Stakeholder mapping in sales is the process of mapping out key decision makers within the buying group of the account you are looking to do business with.
In stakeholder mapping, you need to:
- Define stakeholder goals: what are their biggest priorities? What are their motivations?
- Segment stakeholders by relationship status: those friendly to you, and those adverse. You can also segment stakeholders by the amount of influence they hold over the buying group, or how much budget they have.
- Visualizing relationships: being able to visibly see the relationships not only between your revenue team and their buying group, but the relationships between the stakeholders themselves, is key to success.
- Activate the revenue team: use the information from your stakeholder map to begin building relationships with key stakeholders.
Stakeholder Mapping is Important Because of Buying Groups
Selling must be complicated because modern B2B sales are complicated. That’s largely due to expanding buying groups. Today, there are as many as 6-10 buyers in a buying group. While it’s complicated to map out one person’s goals, motivations and relationships, it’s vastly more complex to do the same exercise for every buyer in the group.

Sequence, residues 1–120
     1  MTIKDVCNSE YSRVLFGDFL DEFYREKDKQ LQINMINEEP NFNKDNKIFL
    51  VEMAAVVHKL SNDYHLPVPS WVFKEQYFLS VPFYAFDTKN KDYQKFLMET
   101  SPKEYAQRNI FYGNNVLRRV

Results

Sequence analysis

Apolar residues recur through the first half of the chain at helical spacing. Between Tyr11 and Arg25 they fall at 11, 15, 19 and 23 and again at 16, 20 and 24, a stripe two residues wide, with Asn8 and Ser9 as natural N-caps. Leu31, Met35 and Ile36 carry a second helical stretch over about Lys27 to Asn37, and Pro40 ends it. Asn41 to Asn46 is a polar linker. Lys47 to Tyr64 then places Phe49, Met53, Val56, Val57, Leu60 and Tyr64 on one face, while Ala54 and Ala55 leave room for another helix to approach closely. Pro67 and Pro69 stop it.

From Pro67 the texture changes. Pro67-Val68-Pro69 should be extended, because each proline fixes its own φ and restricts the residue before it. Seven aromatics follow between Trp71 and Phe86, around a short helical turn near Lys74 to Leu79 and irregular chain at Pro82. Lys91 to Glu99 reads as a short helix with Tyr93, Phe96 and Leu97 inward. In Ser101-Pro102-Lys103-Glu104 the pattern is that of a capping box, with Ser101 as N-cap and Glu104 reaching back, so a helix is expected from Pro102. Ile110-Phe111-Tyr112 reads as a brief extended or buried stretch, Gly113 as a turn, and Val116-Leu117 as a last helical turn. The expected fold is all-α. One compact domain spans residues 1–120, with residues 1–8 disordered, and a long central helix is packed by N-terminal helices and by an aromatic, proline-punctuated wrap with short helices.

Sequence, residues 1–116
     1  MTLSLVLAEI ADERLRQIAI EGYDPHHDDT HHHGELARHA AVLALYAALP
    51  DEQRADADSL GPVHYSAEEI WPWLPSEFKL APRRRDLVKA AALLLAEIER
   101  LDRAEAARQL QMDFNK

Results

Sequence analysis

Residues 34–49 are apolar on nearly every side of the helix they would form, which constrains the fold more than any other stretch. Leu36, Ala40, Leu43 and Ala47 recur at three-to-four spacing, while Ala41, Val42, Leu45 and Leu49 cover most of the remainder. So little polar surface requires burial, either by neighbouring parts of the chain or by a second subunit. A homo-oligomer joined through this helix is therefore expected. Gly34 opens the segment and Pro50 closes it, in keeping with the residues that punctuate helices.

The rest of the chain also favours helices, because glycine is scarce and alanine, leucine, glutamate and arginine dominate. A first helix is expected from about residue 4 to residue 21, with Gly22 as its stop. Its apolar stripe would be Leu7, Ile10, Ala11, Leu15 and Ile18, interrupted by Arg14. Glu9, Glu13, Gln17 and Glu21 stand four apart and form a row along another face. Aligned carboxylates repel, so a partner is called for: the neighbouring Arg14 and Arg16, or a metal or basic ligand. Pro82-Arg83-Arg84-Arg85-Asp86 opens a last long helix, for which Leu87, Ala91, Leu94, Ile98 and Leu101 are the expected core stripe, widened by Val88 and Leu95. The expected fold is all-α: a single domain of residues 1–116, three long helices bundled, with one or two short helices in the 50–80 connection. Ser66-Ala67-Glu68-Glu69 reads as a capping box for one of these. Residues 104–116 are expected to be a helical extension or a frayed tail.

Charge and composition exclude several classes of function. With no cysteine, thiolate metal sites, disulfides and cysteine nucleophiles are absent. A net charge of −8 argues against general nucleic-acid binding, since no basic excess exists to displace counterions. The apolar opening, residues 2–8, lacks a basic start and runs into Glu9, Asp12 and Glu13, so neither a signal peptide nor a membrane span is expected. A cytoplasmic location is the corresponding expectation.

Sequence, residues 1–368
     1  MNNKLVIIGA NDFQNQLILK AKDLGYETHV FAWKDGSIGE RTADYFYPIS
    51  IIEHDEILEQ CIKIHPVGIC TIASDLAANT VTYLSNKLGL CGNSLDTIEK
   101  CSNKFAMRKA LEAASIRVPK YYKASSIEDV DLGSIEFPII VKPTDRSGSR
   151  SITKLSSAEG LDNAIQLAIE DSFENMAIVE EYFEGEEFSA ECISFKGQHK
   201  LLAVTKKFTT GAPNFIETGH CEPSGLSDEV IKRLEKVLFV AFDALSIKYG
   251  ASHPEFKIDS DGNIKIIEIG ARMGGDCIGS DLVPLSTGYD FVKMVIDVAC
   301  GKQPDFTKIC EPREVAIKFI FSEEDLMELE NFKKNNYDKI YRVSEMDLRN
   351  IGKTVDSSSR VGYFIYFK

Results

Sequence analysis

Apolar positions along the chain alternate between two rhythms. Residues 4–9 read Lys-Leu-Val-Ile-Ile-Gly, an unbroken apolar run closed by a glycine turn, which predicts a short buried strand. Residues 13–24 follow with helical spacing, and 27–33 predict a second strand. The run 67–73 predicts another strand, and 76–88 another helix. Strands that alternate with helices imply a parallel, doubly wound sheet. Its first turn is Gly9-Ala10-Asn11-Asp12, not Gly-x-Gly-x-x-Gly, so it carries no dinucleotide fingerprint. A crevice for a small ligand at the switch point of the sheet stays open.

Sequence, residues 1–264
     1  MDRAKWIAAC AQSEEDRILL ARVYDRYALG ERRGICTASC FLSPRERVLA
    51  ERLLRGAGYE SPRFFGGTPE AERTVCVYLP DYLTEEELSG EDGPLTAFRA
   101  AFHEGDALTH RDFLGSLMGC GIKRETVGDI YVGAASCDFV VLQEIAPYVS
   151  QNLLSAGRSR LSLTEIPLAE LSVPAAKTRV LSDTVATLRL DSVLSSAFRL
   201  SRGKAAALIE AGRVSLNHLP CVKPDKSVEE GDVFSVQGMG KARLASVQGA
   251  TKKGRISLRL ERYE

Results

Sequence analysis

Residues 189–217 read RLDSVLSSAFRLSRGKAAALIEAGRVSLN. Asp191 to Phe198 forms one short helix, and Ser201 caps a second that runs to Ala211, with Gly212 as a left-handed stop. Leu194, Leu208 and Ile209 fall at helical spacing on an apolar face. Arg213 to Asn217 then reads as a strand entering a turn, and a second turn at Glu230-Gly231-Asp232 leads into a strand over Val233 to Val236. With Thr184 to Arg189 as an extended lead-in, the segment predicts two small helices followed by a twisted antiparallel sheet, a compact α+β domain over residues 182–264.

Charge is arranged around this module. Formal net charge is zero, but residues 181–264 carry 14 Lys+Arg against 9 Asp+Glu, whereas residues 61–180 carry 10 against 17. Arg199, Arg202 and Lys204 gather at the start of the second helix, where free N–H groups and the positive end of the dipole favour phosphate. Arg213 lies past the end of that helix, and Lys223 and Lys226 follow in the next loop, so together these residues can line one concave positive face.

Business has evolved. Your strategy needs to, as well
In sales, reaching the people that matter is the single most important thing you need to do.
Unfortunately, sellers rarely meet the right people. Just 14% of businesses feel sellers connect with the right people in the account.
This disconnect is the cause of a lot of trouble and incalculable lost revenue.
How often have you been involved in a deal only to see it go sideways when you realized that who you were talking to didn’t have the authority you thought they did? Or were you surprised at the end of a long buying journey when a competitor stole the deal right out from under your nose because they had a better relationship with the buyer?
Relationships are vital to winning deals that matter. But it’s essential to ensure that your efforts to build strong relationships are being made with the right stakeholders. Prioritizing finding people with influence within an account will help you earn support and avoid being blindsided by an unknown detractor.
You need to understand the entire account landscape. This means knowing what their motivations are, what makes them tick. You need to understand their problems better than they do, and deliver novel solutions to problems they didn’t even know they had that were holding them back.
The relevance of the revenue team – why you need one in stakeholder mapping
Before diving into the ‘how’, it’s important to highlight one vital aspect of stakeholder mapping – the revenue team.
A strategic, multi-armed approach to sales has been missing in the B2B sales world for a long time. Often, we see sellers gathering what basic information they can, shooting that off to a buyer in the form of a proposal, and then moving on to the next big deal.